How to Write Game Programs in QBasic

Written by darrin koltow
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How to Write Game Programs in QBasic
Giving clear names to all variables makes debugging QBasic games easier. (binary world image by Attila Toro from

QBasic is a programming language developed by Microsoft. It's based closely on the BASIC language, whose letters stand for Beginners All Purpose Symbolic Instruction Code. QBasic can make many different types of programs, including video games. A key step in making such games from scratch is designing the game, which means writing in detail how you want the game to work. Personal satisfaction is one benefit you get from making QBasic games. Another is increased programming skill, which you can apply to other programming projects, including those in other languages.

Skill level:


  1. 1

    Download a QBasic game, such as the Space Battles game on Pete's QBasic site, Jack's 3-D Game from the same site or Moonbugs from the QBasic Station site (see Resources).

  2. 2

    Read the game's program listing, including all comments. If you understand what a statement without a comment means, write your own comment. For example, you may read the statement "flagGameOver = true" and write, "This statement is indicating that the game is over." Once you can write a comment explaining each line of the program listing, you'll understand the game well enough to turn it into your own game.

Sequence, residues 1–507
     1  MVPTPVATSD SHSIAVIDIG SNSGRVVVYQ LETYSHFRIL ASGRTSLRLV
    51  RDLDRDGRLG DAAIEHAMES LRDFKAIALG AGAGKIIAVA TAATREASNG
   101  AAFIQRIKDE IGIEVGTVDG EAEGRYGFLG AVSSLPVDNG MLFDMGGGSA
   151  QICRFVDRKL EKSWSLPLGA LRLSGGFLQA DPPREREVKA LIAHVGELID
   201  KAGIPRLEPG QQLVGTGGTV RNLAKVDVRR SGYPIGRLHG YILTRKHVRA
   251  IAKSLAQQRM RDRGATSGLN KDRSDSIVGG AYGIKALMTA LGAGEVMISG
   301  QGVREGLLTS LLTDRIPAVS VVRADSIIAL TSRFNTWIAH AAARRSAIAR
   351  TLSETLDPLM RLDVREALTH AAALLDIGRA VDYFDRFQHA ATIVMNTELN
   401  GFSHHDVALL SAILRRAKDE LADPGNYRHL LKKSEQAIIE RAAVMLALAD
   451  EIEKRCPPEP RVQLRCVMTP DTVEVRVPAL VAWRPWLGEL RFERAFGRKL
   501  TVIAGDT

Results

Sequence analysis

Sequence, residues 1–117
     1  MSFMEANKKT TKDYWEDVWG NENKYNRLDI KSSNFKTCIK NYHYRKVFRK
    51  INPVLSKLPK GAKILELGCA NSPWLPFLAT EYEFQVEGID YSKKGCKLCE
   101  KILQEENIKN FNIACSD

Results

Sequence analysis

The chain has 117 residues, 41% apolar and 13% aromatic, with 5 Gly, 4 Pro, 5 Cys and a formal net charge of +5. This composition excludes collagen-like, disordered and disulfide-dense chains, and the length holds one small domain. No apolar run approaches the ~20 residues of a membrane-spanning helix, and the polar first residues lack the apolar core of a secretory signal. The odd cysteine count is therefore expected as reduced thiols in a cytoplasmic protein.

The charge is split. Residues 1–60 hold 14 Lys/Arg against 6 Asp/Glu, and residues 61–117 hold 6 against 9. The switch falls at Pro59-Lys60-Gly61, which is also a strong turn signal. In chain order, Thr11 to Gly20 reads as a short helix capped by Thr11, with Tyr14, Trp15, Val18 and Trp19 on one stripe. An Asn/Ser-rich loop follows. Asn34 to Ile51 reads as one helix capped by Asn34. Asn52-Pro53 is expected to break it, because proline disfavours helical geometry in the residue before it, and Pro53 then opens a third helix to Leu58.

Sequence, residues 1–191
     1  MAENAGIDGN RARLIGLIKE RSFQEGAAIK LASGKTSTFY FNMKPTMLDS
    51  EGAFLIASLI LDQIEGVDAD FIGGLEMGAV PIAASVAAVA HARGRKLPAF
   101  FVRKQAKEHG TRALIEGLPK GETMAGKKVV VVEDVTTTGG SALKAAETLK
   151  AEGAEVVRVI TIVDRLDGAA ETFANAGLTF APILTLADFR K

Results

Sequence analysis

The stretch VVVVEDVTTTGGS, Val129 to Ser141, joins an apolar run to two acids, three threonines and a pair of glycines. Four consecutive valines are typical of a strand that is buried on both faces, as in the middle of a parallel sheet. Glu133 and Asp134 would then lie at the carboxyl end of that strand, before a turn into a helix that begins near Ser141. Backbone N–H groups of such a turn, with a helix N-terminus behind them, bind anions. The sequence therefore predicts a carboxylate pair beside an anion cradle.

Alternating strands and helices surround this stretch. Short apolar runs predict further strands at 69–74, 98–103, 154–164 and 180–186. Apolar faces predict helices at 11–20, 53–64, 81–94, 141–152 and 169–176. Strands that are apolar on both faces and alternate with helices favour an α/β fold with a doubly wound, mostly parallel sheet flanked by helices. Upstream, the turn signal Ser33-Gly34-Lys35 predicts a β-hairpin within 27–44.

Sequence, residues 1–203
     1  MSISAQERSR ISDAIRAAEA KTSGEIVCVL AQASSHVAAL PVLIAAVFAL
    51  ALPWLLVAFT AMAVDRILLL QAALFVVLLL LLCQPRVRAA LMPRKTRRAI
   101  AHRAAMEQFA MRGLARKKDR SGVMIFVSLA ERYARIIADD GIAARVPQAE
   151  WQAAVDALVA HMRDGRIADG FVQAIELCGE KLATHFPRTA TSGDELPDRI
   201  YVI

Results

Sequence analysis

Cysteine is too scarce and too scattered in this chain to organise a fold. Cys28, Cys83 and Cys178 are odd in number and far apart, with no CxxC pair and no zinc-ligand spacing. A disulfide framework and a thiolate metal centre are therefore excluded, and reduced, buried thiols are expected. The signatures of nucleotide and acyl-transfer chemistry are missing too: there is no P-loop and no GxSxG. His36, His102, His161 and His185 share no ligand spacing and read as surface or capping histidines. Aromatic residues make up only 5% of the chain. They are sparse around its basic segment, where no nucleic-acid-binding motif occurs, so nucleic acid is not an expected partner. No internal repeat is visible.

3. 3

    Execute the game one statement at a time, using your development environment's debugging tools. Read your environment's documentation for details on code stepping, which is how programmers refer to executing one statement at a time.

  4. 4

    Write on paper, as you're stepping through the game, the value of each variable as it changes. For example, you may write "The variable 'PlayerPoints' held '1' before I answered the trivia question correctly. It now holds '10'."

  5. 5

    Write, in the program listing, new comments that reflect your increased understanding of the game. For example, after observing the hypothetical "PlayerPoints" variable in the previous step, you may write "'PlayerPoints' holds my score, which is based on correct answers to the game's questions."

  6. 6

    Repeat Steps 3 through 5 until you've written a comment for each statement in the game's source listing. You can now make modifications to the game.

  7. 7

    Write on paper a list of changes you'd like to make to the original game. One change might be, "The option for changing the turret's angle should be on the 'gunner' screen, not the 'ship commander' screen." Be as specific as you can in describing each change, as this makes programming easier.

  8. 8

    Write the QBasic source code that implements the list items from the previous step.

  9. 9

    Test and debug the game using your development environment's debugging tools.

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